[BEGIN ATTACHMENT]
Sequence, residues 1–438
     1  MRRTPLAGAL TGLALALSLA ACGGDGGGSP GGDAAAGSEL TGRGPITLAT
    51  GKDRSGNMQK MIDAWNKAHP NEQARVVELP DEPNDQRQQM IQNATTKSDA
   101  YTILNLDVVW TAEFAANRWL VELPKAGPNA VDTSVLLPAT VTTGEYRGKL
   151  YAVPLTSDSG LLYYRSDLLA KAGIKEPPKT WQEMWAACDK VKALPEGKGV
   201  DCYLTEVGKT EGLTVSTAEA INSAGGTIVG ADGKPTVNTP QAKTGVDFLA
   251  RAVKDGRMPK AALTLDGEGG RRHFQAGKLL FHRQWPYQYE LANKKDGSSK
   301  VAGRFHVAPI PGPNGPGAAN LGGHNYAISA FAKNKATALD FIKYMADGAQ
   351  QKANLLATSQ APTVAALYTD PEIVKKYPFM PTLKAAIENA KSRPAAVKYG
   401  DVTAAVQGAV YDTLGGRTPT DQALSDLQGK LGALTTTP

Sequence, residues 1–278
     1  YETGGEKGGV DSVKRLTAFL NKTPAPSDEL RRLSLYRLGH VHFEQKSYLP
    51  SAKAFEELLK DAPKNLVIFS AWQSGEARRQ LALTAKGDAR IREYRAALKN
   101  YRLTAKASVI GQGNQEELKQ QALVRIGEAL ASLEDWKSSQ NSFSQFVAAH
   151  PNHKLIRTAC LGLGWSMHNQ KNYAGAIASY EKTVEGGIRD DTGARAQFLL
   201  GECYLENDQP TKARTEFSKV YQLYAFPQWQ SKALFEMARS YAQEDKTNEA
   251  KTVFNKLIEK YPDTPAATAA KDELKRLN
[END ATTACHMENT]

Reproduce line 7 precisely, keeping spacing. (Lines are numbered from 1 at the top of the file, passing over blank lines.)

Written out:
   251  RAVKDGRMPK AALTLDGEGG RRHFQAGKLL FHRQWPYQYE LANKKDGSSK